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Follow The Bird! shows World Migratory Bird Day theme “Barriers to migration“


In their long journeys each year millions of migratory birds must cross many frontiers and obstacles. Therefore, ’Barriers to Migration’ is the theme of this year’s World Migratory Bird Day (9-10 May 2009). The Follow the Bird! initiative of Wetlands International has shown that many birds do not make it back home; decreasing stopover wetland sites, hunters, power lines, and even airplanes cross their paths of thousands of kilometers.

Together with Vogelbescherming Nederland and Bureau Waardenburg, Wetlands International has equipped ten Purple Herons with satellite transmitters on their breeding grounds in the Netherlands and followed them along their migration paths to their non-breeding grounds in west Africa. The journeys of each individual bird can be followed online through the website, which shows maps, photos and even videos of the birds and stopover wetlands in Africa.

Each day deserts are expanding and wetlands are being lost, more and more airplanes catch birds in their engines, skyscrapers are built, creating ever more barriers for migratory birds to cross.


Just two weeks ago, the Purple Heron named Gerrit (photo) made it back to the Netherlands having completed his long journey from Sierra Leone to Mali, across the Sahara Desert and Algeria crossing the Mediterranean and over Spain and France. Other birds, such as Terra Nova have vanished from the map since being last spotted in Mali past March and whose fate remains unknown.

Chain of stopover wetlands

This tracking study of the Purple Herons has identified a chain of stopover and non-breeding wetlands that are critical for the survival of the species. When one site is degraded or destroyed through its conversion into farmland or constructed over for urban or rural infrastructure, the chain loses a link. This requires for the birds to make even longer flights between safe resting and feeding sites or forcing them to stop at sub-optimal sites. This makes them more vulnerable to other threats such as hunters, power lines and wind farms.

Wetlands used by Purple Heron and other migratory waterbirds are also important for people who live and depend on these sites. In several countries, people have traditionally depended on the harvest of migratory birds as a means of subsistence and protein. As this has resulted in the declines of many populations - including of the Purple Heron - it highlights the need to ensure sustainability of such activities across the range of these migratory species. In the city of Mopti in Mali, for example, these migrating Purple Herons are sold for € 1.25 on the local market (photo: Purple Heron in the bourgou fields of Lac Debo, Inner Niger Delta, Mali).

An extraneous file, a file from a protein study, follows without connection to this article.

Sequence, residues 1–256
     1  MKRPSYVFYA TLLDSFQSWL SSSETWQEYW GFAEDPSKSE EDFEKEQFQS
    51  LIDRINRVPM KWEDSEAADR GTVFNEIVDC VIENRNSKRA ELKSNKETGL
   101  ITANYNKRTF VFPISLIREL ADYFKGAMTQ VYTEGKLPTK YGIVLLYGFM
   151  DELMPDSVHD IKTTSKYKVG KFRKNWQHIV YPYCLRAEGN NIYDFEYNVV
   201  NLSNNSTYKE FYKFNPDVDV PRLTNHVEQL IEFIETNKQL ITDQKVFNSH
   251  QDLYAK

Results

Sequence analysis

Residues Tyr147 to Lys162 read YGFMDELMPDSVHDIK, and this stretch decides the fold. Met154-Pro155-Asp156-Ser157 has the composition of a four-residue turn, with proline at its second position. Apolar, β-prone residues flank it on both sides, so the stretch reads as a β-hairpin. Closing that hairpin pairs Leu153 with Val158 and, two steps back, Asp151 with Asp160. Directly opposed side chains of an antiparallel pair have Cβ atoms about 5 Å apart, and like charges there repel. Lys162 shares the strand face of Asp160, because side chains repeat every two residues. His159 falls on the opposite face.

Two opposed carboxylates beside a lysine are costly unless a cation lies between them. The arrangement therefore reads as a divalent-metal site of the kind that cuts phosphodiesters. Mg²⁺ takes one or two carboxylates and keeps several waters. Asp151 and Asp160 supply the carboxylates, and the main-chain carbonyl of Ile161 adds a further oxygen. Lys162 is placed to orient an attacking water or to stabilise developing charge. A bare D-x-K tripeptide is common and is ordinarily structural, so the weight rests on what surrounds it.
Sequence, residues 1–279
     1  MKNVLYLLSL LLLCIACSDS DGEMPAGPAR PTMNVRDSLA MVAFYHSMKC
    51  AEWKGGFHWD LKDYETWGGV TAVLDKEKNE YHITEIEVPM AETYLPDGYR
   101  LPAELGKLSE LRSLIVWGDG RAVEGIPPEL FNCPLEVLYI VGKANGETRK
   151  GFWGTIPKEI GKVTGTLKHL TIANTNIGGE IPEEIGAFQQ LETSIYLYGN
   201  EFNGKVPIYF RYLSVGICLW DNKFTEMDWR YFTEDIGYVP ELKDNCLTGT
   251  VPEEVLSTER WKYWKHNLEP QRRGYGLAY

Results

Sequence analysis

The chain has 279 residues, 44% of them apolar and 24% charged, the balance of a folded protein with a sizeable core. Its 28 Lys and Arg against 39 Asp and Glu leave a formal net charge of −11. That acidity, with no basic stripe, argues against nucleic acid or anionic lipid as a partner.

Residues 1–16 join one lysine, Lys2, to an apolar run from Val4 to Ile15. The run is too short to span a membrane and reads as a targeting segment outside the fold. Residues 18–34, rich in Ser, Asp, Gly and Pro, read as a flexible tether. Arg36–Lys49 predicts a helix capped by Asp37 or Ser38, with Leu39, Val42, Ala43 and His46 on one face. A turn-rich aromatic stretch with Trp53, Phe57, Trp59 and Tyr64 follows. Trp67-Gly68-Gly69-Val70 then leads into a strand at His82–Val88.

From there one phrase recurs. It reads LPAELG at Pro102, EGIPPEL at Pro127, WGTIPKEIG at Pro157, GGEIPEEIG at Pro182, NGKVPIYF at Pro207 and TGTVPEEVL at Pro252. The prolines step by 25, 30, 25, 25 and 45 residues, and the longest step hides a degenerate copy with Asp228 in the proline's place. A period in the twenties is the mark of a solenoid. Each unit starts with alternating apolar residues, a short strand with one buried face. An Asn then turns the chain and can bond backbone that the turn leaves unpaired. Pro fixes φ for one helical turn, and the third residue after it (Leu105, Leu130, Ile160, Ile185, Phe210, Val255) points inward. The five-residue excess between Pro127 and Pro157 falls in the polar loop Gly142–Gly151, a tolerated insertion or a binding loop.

Key to conserving migratory waterbirds

“Using the Flyway Approach, key sites of migratory birds used along in their journeys of thousands of kilometers can be identified and better managed, decreasing vulnerability of the species. Protecting these chains of wetlands is the key to conserving migratory waterbirds”, says Taej Mundkur, Flyway Manager of Wetlands International. “Addressing the needs of local people is a key ingredient to improving the management and conservation of wetlands for the benefit of people and migratory birds that share these sites.

World Migratory Bird Day activities

Wetlands International Africa together with Association pour la Sauvegarde des Oiseaux aux Sénégal (Bird Save Guarding Association of Senegal – ASOC) wil hold a conference for the fourth World Migratory Bird Day in the town of Mbour, Senegal (80 kms southeast of Dakar). A field visit will be held to the Sentier Ecologique du Mbour, a site managed by the Institut de Recherche pour le Développement (Development Research Institute – IRD).

The Follow the Bird project is sponsored by Shell as part of their commitment to better understand wetlands and the linkage between wetland areas.


 Alex Kaat

Communication Manager Wetlands International

+31 (0)6 5060 1917


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